Heading into the Cheltenham Festival last season it was Nicky Richards’ seven-year-old son of King’s Theatre who was officially the best British-trained novice hurdler but it was no surprise that he was sent to Aintree instead given his connections. He wasn’t entered in fairness but this season a supplementary stage has been added for Grade 1 novice races for the first time, just to make it even more tricky for ante-post punters! As it transpired he flopped as the 7/4 favourite behind Cyrus Darius trailing home by 22 lengths never looking a threat at any stage. Maybe it was one run too many having won all four races in the previous three months which followed a 587-day absence or maybe he had a physical problem but I am easily prepared to forgive him that run having seriously impressed giving Bristol De Mai 9lb at Kelso when completing his four-timer. Like with most of his offspring’s horses, Glngerburn is a good mover and is likely to be seen at his best on a decent surface and I dare say that his connections are already eyeing up the Fighting Fifth Hurdle.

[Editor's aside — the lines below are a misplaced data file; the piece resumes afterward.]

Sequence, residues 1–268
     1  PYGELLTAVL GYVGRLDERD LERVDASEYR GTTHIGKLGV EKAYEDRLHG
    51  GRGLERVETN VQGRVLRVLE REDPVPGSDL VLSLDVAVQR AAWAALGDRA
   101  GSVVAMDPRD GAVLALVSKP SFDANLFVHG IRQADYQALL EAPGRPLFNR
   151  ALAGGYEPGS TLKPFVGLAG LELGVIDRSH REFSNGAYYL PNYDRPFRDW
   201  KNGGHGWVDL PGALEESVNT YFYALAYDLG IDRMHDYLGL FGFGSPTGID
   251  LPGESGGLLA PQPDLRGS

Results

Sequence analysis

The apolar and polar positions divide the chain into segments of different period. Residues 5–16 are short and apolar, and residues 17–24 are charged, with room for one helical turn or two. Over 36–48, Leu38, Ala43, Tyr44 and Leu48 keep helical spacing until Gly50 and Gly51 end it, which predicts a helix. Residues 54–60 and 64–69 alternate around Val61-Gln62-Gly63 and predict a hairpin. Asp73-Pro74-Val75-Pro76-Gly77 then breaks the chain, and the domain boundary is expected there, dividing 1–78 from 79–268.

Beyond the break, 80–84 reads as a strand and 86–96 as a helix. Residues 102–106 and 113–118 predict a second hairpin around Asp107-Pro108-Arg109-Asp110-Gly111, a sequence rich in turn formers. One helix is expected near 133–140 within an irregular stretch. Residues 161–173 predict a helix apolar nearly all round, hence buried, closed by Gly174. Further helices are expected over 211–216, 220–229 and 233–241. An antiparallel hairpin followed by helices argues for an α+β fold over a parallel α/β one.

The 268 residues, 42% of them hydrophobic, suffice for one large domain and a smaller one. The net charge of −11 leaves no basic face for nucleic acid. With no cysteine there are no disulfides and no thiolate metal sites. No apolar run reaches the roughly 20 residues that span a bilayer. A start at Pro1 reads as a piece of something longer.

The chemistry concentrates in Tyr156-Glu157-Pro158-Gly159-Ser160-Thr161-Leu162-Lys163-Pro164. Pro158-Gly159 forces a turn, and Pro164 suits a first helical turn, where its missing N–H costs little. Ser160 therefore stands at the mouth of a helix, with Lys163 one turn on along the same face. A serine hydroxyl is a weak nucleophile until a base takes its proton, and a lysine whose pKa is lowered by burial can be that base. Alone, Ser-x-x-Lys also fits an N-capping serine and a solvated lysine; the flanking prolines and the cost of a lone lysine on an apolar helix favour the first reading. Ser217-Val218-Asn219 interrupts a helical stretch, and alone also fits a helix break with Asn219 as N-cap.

Grand Jesture

I like the chances of Henry de Bromhead’s Cheltenham Festival runner-up winning a big handicap chase this season. The stable have already won two big handicap chases this season with Shanahan's Turn (Galway Plate) and Sadler's Risk (Munster National). I was one of those grinding their teeth in annoyance when he was left at the start of the Bet365 Gold Cup, when I doubt that the Starter even saw him, off the back of finishing runner-up to The Druid’s Nephew at Cheltenham. Judged by how well The Druid’s Nephew was going until tipping up five out when leading the Grand National a merry dance and then the third at Cheltenham, Galant Oscar, went on to win a 19-runner handicap at the Punchestown Festival by nine lengths on his next start, that looks strong handicap chase form to me. I note that he has an entry in the Grade 1 JNWine Champion Chase at Down Royal but I hope that they head down the handicap route with him for the time being.